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The Ending Of The Incredible Hulk Explained

Though the Marvel Cinematic Universe hardly calls back to it, 2008's The Incredible Hulk, starring Edward Norton, was actually the second entry in popular entertainment's most massive mega-franchise. At the time, of course, it was simply another comic book film like Christopher Nolan's Dark Knight films or the other Hulk film that came before it in 2003. Its release did not have the same pageantry or fan-fueled hype as a solo movie featuring a member of the Avengers would today.

The community consensus surrounding The Incredible Hulk has remained roughly as lukewarm as it was when the film first released. Most fans would not consider it a necessary watch to get the most out of the MCU. However, that doesn't mean the movie is completely devoid of any value for the franchise. MCU viewers don't meet Bruce Banner again until 2012's Avengers, when he returns with a new face and a different perspective on the Hulk. But the change in his worldview is sparked in The Incredible Hulk.

The Incredible Hulk is about Bruce Banner learning to control the Hulk

The Incredible Hulk isn't an origin story for Bruce Banner, but it does establish his character for the rest of the MCU. It follows the classic formula that many previous Hulk properties like the 1970s TV series did. After being exposed to gamma radiation and becoming the Hulk, Bruce Banner travels in search of a cure to his condition while trying to draw as little attention as possible. The film handles this premise differently, however, by showing Banner also learning to control the Hulk as he strives to "cure" it. Throughout the film, we see Banner practicing yoga, biofeedback, and meditation techniques to control his heart rate and emotions for the specific purpose of avoiding transformation. He keeps a heart rate monitor on him at all times and never hesitates to remove himself from a situation if his heartbeat spikes. 

However, Banner can no longer avoid becoming the Hulk when a soldier named Emil Blonsky (Tim Roth) uses Banner's blood to transform himself into another Hulk-like creature called Abomination. Faced with Abomination, Banner is forced to stop fighting the Hulk and use him instead. He intentionally transforms in order to fight off Blonsky and wins, whereby Banner's dynamic with the Hulk changes from one of prevention to one of control. The Incredible Hulk's post-credits scene even shows Banner intentionally raising his heart rate to the point of a controlled transformation, training himself to call upon the Hulk at will.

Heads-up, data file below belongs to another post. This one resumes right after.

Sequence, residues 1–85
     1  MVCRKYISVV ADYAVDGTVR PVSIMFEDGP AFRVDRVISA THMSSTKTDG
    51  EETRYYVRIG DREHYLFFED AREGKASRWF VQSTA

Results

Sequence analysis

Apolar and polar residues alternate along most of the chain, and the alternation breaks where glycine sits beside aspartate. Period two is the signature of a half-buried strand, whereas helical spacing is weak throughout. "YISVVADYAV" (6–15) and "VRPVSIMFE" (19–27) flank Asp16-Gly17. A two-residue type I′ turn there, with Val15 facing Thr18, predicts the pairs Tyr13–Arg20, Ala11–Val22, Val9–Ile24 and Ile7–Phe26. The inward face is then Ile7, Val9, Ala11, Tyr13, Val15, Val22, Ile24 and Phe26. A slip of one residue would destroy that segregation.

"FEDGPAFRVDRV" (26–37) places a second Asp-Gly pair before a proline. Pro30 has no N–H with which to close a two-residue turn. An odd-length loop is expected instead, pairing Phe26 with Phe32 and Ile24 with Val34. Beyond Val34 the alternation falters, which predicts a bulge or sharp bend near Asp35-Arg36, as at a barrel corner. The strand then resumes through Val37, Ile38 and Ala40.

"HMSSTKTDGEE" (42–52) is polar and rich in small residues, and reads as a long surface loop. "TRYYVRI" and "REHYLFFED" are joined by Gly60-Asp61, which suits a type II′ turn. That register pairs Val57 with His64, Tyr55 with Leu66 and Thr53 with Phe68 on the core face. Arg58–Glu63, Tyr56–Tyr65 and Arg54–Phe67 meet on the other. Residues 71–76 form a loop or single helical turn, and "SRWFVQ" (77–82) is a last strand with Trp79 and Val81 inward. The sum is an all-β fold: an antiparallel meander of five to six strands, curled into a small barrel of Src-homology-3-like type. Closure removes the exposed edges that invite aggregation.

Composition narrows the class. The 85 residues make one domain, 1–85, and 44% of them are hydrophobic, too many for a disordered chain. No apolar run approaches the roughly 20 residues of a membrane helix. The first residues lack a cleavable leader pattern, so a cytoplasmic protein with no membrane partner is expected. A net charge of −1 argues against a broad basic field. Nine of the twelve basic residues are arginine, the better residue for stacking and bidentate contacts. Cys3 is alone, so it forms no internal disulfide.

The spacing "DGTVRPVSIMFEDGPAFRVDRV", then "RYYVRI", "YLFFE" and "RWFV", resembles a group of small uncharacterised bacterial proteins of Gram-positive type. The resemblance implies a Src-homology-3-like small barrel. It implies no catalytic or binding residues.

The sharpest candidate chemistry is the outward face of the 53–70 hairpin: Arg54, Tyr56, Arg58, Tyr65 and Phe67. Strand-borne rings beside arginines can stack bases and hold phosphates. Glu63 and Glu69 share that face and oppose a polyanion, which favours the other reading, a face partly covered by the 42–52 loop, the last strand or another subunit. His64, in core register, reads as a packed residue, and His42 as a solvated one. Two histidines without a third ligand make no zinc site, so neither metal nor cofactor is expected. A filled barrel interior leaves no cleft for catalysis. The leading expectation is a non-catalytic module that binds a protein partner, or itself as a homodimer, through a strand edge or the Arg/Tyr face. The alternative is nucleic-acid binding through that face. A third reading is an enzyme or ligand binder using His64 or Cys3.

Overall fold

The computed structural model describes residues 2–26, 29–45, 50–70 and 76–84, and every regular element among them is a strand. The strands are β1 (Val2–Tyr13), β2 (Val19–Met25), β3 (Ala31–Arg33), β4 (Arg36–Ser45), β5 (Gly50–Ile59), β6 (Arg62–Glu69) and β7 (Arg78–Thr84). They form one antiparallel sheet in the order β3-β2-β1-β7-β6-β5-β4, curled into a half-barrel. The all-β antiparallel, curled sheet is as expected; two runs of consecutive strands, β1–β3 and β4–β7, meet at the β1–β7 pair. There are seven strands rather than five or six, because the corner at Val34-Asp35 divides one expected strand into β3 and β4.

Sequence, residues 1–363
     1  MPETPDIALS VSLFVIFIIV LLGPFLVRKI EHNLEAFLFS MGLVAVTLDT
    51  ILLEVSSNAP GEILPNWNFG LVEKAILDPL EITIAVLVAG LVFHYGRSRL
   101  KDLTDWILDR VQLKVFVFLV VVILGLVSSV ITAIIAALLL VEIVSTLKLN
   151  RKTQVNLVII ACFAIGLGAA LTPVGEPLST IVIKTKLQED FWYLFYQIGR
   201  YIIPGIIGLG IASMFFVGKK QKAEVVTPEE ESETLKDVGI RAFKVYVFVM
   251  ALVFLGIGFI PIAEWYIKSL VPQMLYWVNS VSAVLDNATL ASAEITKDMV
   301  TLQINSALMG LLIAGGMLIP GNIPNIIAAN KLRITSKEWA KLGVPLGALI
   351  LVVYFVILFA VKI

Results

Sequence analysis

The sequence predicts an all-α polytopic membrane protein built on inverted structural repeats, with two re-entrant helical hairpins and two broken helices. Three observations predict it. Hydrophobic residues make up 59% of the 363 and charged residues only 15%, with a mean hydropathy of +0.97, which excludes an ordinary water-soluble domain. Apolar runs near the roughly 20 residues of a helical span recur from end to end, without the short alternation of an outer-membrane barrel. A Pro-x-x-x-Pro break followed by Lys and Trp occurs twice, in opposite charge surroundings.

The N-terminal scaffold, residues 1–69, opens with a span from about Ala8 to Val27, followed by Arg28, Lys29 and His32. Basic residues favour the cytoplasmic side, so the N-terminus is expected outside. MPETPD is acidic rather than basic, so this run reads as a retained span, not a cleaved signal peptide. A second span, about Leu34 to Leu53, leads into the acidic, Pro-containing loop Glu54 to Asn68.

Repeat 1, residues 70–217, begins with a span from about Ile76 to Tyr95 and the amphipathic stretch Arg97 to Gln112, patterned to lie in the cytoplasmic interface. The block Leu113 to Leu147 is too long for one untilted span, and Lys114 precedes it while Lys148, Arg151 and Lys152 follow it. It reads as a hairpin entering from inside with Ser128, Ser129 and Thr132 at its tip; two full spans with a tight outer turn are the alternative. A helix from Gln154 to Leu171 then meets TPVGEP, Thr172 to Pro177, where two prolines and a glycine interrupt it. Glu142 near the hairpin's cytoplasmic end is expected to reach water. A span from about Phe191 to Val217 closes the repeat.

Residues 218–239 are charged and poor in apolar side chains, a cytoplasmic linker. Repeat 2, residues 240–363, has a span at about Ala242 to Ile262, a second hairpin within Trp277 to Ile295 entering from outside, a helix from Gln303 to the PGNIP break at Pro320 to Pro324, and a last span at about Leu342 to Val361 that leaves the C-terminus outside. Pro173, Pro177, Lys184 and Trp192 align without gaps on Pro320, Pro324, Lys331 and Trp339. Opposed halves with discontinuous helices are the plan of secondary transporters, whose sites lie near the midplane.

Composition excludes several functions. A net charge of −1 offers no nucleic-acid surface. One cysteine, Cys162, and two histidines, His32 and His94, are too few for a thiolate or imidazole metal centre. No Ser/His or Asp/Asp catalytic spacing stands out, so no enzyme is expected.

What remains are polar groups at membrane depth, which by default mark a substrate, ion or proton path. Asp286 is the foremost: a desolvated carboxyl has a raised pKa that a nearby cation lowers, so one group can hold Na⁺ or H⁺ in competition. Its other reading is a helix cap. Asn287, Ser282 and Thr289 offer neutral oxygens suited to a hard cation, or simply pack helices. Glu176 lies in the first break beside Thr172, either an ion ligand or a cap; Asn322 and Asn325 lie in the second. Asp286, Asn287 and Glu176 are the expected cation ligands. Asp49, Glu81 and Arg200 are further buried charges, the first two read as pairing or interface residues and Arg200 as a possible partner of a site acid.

How does this affect the Hulk in the MCU?

Banner reappears four years later for the events of Avengers, but he isn't the same Banner we met in The Incredible Hulk. Aside from the fact that he's got a new face provided by Mark Ruffalo, Banner has a somewhat different approach to dealing with the Hulk. He still fears it and lives in isolation, but is decidedly more willing to use it to his advantage. For instance, in his introductory scene, Banner uses the threat of transforming to learn Black Widow's (Scarlett Johansson) true intentions. Of course, there's always his famous "I'm always angry" party trick in The Avengers' third act, in which he displays full control over his ability to transform. Aside from his extended vacation following Age of Ultron, Banner has shown himself willing to use Hulk for the benefit of others.

This comes to a head in Endgame, in which Banner has begun fully utilizing the Hulk to his advantage. After failing to summon the Hulk during Infinity War, Banner uses science to transform himself into the Hulk while retaining his everyday personality — an iteration of the character called Professor Hulk in the Marvel Comics source material. The end result is a Hulk who is both strong enough to smash and smart enough to not let anyone get hurt. He becomes the ultimate realization of what a controlled Hulk would look like. Whether or not this pattern will continue as Banner appears in upcoming MCU projects like She-Hulk is yet to be seen.